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chroot on Unix-like operating systems is an operation that changes the apparent root directory for the current running process and its children.(Read more ...)

Basic Installation

Building a "chroot" is very easy in Debian.

You will need:

apt-get install binutils debootstrap

mkdir -p /srv/chroot/wheezy

Either select a close network mirror manually, use one of the dns based mirrors such as where XX is your geographic country code, or use the which will do this for you automatically. The is easier to document and becoming the generally preferred method and is therefore recommended if you don't have your own fast preferred local mirror. See for documentation and details.

debootstrap --arch i386 wheezy /srv/chroot/wheezy

chroot /srv/chroot/wheezy


In general, it is necessary to create/edit key configuration points.

Create a /usr/sbin/policy-rc.d file IN THE CHROOT so that dpkg won't start daemons unless desired. This example prevents all daemons from being started in the chroot.

chroot /srv/chroot/wheezy
cat > ./usr/sbin/policy-rc.d <<EOF
exit 101
chmod a+x ./usr/sbin/policy-rc.d

The ischroot command is buggy and does not detect that it is running in a chroot (685034). Several packages depend upon ischroot for determining correct behavior in a chroot and will operate incorrectly during upgrades if it is not fixed. The easiest way to fix it is to replace ischroot with the /bin/true command.

dpkg-divert --divert /usr/bin/ischroot.debianutils --rename /usr/bin/ischroot
ln -s /bin/true /usr/bin/ischroot

Configuring a chroot is relatively static and very specific, it may be possible to dispense with the command "top-level" and directly edit files.




Mounting pseudo filesystems


proc on /proc type proc (rw)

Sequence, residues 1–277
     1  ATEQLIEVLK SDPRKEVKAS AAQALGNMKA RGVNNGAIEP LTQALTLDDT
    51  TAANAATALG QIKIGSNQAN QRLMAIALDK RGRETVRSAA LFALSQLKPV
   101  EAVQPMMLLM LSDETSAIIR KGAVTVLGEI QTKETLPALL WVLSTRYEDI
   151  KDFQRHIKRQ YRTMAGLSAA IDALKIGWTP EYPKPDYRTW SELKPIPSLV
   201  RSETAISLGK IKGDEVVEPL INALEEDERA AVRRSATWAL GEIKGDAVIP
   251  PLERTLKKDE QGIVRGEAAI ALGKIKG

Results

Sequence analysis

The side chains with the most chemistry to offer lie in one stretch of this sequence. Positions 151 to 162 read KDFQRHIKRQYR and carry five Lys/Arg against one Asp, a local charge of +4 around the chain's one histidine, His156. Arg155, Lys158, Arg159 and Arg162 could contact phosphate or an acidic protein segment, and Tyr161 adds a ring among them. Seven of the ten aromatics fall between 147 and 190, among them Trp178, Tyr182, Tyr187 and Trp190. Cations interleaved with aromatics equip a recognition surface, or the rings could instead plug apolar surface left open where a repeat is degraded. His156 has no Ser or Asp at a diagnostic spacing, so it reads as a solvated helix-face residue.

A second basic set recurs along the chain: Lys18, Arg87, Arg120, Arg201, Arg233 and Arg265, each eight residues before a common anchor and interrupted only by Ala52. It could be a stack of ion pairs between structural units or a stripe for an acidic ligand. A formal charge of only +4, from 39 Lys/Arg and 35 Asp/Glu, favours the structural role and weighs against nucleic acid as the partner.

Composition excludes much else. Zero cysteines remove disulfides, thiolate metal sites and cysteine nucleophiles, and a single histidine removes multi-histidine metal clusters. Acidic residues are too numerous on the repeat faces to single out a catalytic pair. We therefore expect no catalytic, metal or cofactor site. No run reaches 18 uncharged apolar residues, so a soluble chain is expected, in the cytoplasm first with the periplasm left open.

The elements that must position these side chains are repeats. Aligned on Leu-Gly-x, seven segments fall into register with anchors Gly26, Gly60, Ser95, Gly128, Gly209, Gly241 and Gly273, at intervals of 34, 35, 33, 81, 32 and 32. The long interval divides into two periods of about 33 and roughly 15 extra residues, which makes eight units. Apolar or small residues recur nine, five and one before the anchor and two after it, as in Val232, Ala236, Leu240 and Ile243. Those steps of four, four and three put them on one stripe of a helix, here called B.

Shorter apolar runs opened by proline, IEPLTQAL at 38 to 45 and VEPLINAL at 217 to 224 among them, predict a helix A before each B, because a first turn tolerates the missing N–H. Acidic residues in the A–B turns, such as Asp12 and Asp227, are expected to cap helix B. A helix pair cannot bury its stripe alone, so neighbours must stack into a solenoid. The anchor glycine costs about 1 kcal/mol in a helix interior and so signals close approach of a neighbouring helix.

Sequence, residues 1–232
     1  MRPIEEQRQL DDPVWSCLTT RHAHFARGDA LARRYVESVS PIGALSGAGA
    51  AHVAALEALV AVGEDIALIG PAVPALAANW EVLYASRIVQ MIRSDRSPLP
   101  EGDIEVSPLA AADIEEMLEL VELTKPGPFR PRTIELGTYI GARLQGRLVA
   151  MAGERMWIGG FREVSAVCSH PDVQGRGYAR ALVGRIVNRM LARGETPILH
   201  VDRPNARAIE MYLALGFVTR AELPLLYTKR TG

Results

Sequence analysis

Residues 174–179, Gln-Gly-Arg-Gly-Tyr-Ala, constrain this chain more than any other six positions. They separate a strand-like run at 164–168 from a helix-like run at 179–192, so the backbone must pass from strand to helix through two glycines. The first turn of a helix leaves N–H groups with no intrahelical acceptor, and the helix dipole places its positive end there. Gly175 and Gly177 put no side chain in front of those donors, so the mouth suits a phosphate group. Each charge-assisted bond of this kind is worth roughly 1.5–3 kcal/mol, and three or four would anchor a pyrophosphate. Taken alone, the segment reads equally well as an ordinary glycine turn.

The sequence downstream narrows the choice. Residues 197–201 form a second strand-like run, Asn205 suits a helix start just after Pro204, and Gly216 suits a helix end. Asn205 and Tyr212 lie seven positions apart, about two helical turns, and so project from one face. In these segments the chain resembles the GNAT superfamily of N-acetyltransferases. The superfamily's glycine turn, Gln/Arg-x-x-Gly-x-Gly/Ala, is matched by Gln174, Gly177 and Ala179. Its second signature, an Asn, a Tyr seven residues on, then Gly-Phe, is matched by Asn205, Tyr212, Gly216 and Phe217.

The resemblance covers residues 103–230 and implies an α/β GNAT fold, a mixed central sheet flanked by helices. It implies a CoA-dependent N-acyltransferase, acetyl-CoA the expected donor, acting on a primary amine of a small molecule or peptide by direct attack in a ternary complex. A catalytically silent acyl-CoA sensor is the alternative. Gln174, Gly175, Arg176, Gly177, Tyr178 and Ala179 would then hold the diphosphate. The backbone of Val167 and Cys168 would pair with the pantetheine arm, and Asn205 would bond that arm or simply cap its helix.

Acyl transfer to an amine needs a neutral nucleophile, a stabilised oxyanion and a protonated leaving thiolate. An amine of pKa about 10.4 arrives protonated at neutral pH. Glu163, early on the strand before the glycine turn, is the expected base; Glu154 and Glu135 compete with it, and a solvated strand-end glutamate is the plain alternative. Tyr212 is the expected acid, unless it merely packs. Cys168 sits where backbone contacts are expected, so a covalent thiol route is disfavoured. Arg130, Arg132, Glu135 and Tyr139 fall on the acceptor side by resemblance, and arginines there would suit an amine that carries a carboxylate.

sysfs on /sys sysfs kind (rw)


In this case, the primary system, run the command:

mount --bind /dev/pts /srv/chroot/wheezy/dev/pts

Default Configurations

Generally the file /etc/fstab might look like this:

# grep chroot /etc/fstab
/dev /srv/chroot/wheezy/dev auto bind 0 0
/dev/pts /srv/chroot/wheezy/dev/pts auto bind 0 0
/proc /srv/chroot/wheezy/proc auto bind 0 0

Therefore mount on the primary system would be:

# mount | grep chroot
/dev on /srv/chroot/wheezy/dev -type none (rw, bind)
/dev/pts on /srv/chroot/wheezy/dev/pts kind none (rw, bind)
/proc on /srv/chroot/wheezy/proc type none (rw, bind)

Adding / removing packages

apt-get install deborphan

deborphan -a

apt-get remove --purge telnet manpages pppconfig ipchains ...

Complementary list svgalibg1 whiptail

apt-get install emacs23 local mc


Common examples of chroot usage:

Advanced Usage

The schroot package provides a convenient wrapper for allowing unprivileged users to have access to one or more chroot environments. schroot handles the chroot(2) call as well as dropping privileges inside the chroot and bind mounting resources into the chroot (like home directories, /dev, /proc).

ToDo - Clean up from French translation.